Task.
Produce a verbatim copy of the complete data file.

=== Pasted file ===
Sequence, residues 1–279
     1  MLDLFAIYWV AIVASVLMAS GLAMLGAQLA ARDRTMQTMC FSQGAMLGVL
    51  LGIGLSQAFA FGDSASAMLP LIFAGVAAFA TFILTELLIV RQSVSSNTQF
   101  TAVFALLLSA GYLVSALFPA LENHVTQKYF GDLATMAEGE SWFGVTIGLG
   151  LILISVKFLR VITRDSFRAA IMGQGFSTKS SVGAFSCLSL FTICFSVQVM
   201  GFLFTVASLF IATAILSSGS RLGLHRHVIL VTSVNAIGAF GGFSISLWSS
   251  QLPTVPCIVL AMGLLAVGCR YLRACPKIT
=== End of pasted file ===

Sequence, residues 1–279
     1  MLDLFAIYWV AIVASVLMAS GLAMLGAQLA ARDRTMQTMC FSQGAMLGVL
    51  LGIGLSQAFA FGDSASAMLP LIFAGVAAFA TFILTELLIV RQSVSSNTQF
   101  TAVFALLLSA GYLVSALFPA LENHVTQKYF GDLATMAEGE SWFGVTIGLG
   151  LILISVKFLR VITRDSFRAA IMGQGFSTKS SVGAFSCLSL FTICFSVQVM
   201  GFLFTVASLF IATAILSSGS RLGLHRHVIL VTSVNAIGAF GGFSISLWSS
   251  QLPTVPCIVL AMGLLAVGCR YLRACPKIT